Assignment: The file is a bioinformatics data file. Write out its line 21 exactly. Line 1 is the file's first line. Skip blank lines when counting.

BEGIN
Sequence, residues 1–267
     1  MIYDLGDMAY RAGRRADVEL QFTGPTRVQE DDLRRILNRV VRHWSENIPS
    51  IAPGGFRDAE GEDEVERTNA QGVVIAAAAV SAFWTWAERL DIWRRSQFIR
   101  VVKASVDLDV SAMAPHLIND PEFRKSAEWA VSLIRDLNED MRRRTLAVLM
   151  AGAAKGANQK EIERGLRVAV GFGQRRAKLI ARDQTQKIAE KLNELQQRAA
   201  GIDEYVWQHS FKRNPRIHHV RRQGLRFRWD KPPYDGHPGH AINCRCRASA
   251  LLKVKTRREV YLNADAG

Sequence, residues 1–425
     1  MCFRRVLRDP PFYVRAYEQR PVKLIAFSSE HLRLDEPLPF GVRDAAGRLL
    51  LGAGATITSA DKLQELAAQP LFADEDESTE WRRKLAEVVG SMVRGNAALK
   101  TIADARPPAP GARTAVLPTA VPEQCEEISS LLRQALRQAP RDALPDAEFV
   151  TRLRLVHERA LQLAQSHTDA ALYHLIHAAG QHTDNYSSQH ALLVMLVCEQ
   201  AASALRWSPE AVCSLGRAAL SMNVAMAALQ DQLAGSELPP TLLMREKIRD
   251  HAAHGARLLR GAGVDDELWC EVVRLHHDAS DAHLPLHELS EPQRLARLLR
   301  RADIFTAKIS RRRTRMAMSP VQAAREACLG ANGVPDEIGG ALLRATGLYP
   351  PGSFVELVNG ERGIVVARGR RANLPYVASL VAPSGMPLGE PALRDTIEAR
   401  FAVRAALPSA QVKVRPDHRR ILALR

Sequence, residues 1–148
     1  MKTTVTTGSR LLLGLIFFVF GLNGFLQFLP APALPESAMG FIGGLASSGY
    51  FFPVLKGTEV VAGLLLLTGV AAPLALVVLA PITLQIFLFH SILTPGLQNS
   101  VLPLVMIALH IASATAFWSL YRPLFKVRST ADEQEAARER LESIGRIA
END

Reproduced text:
   101  VLPLVMIALH IASATAFWSL YRPLFKVRST ADEQEAARER LESIGRIA